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What You Need to Know Today About Friday’s Health Care Bill Failure

Unless you’ve been doing a social media cleanse, you know that on Friday, Republicans abandoned their proposed health care bill. It’s a lot to keep track of, but here’s what you need to know this Monday morning.

Former U.S. President Donald Trump arrives to deliver remarks at the South Carolina State House on January 28, 2023 in Columbia, South Carolina.
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1. Paul Ryan and Republicans failed – big time

On Friday afternoon, President Donald Trump and House Speaker Paul Ryan pulled the GOP’s bill to repeal and replace the Affordable Care Act, also known as Obamacare, because it did not have enough support. No official House of Representatives vote was taken because it was clear that at least 33 Republicans — primarily members of the Freedom Caucus — would not get behind the bill. According to reports out of D.C., Ryan got down on one knee and pleaded with Rep. Don Young of Alaska to support the bill. It did not work.

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2. Freedom Caucus

The Freedom Caucus is a small group of conservative Republicans in the U.S. House of Representatives founded in 2015. Ultimately, it was their opposition to Ryan’s bill that caused the bill to be pulled. But don’t start sending fan letters to its members just yet — keep in mind that just because they didn’t support this bill, it doesn’t mean that they’re in favor of keeping Obamacare on a long-term basis.

3. What their bill looked like

The GOP health care bill — “Trumpcare” if you will — would have eliminated the individual mandates put in place by Obamacare and replaced them with refundable tax credits, primarily based on age, to use to purchase health insurance. It also would have cut federal support for Medicaid.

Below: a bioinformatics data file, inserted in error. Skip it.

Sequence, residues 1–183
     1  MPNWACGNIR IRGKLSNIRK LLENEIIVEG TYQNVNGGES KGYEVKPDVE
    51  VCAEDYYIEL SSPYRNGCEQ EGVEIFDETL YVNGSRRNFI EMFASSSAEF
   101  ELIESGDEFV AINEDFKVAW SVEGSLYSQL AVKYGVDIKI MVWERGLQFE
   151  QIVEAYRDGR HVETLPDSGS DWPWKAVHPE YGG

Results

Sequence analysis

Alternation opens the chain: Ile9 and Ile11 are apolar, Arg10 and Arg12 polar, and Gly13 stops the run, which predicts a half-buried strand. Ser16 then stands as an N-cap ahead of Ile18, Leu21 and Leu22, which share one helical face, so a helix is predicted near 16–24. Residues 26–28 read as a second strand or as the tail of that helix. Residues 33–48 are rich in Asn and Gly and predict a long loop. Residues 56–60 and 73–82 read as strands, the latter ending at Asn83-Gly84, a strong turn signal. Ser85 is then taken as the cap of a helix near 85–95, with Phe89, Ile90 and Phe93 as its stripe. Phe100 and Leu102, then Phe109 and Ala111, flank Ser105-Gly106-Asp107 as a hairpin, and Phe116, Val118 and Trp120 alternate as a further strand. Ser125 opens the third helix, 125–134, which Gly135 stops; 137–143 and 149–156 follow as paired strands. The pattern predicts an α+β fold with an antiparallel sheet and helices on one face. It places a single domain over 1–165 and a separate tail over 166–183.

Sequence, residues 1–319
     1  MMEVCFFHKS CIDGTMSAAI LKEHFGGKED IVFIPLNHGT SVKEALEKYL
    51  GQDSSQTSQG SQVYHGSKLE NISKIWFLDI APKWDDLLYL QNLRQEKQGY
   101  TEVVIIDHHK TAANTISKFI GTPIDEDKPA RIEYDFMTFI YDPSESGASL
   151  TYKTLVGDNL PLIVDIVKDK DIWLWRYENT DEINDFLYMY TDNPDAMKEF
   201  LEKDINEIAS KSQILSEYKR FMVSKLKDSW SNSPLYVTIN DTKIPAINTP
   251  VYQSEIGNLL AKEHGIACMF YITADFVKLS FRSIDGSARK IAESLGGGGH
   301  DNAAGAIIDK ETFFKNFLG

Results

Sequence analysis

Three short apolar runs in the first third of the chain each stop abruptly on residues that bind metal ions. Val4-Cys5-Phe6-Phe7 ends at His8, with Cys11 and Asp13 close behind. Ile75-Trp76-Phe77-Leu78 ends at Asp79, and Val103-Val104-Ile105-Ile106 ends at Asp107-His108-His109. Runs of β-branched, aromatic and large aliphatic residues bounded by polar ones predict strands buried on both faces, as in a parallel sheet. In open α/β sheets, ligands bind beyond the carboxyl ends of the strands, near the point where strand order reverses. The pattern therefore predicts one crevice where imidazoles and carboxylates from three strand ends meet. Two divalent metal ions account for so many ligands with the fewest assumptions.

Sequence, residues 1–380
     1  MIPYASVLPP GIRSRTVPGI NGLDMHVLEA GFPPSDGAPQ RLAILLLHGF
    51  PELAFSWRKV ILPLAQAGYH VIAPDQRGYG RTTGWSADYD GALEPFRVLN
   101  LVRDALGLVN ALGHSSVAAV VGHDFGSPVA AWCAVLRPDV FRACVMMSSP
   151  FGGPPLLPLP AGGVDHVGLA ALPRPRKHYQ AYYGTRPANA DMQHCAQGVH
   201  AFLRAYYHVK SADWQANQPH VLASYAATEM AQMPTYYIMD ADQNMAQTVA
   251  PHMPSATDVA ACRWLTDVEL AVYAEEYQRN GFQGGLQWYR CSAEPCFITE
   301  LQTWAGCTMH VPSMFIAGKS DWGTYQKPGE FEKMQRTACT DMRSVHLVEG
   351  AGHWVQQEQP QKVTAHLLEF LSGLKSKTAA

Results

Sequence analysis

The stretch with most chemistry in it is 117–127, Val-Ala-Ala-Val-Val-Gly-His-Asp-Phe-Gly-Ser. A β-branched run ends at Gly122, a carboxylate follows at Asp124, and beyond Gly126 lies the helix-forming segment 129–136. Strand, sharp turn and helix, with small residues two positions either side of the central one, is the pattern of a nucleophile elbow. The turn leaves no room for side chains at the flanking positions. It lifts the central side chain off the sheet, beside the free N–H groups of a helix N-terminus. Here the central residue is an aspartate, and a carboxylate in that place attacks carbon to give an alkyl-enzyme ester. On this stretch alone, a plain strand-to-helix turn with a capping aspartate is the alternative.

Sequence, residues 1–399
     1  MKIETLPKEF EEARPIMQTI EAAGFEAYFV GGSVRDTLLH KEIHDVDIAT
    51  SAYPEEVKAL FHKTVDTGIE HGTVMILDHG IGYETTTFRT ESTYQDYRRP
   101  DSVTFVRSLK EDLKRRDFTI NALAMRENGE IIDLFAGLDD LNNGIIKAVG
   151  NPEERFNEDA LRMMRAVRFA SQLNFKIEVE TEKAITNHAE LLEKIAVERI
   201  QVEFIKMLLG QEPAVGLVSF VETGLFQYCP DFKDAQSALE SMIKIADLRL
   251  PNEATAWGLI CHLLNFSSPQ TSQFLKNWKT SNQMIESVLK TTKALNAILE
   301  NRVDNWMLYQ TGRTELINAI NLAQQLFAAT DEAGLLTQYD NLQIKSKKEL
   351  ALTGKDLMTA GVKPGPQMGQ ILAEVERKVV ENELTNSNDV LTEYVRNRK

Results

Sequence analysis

This bill did keep some of the most popular parts of Obamacare, including protecting people with preexisting conditions and allowing people to stay on their parents’ health insurance up to the age of 26.

4. They said they didn’t have enough time

Here’s the thing: They’ve had seven years. SEVEN. YEARS. Republicans running at all levels have campaigned to repeal and replace Obamacare since before Obamacare was even in place. This is, by any account, a lot of time to come up with a viable plan.

Trump ran — and was elected — with the very specific promise to repeal and replace Obamacare within his first 100 days in office. Friday was Day 64 of the presidency, and they have already given up.

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To put it more in perspective, it took 187 legislative days to pass Obamacare. Only 17 legislative days lapsed before Trumpcare was dead in the water.

5. Obamacare will stay — for now

After a grueling 17 legislative days trying to come up with a politically viable health care plan, Ryan and Republicans have indicated that they’re done with health care until further notice. Even though it was one of their primary campaign promises and Obamacare is an alleged “disaster,” they believe it’s time to move on. The takeaway: Those currently utilizing the Affordable Care Act will remain covered, at least for the time being.

6. What it means for women

Obamacare’s Essential Health Benefits — which are disproportionately relied upon by women — are still intact. These include doctors’ services, inpatient and outpatient hospital care, prescription drug coverage, pregnancy and childbirth, mental health services, rehabilitative services and devices, lab work and more.

Preventative care services will also remain covered by all private plans, Medicaid expansion programs and Medicare. For women, this means continued access to breast and cervical cancer screening, osteoporosis screening, pregnancy-related services, well woman visits and contraception. It also means that women are still able to access birth control and lifesaving cancer screenings at Planned Parenthood.

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While the GOP’s failed health care bill did not specifically address birth control coverage, the president and Secretary of Health and Human Services Tom Price have both expressed their plans to advance “religious freedom,” meaning that there will likely be other attempts to limit access to contraception.

On Thursday, Vice President Mike Pence tweeted a photo of around two dozen men discussing the health care bill. This is what we’re dealing with: rooms full of old white men making decisions regarding women’s health.

Though health care may no longer be at the top of Republicans’ agenda, it is literally a life and death matter for so many women. Continued support of organizations like Planned Parenthood is crucial to make sure we don’t take steps backward.

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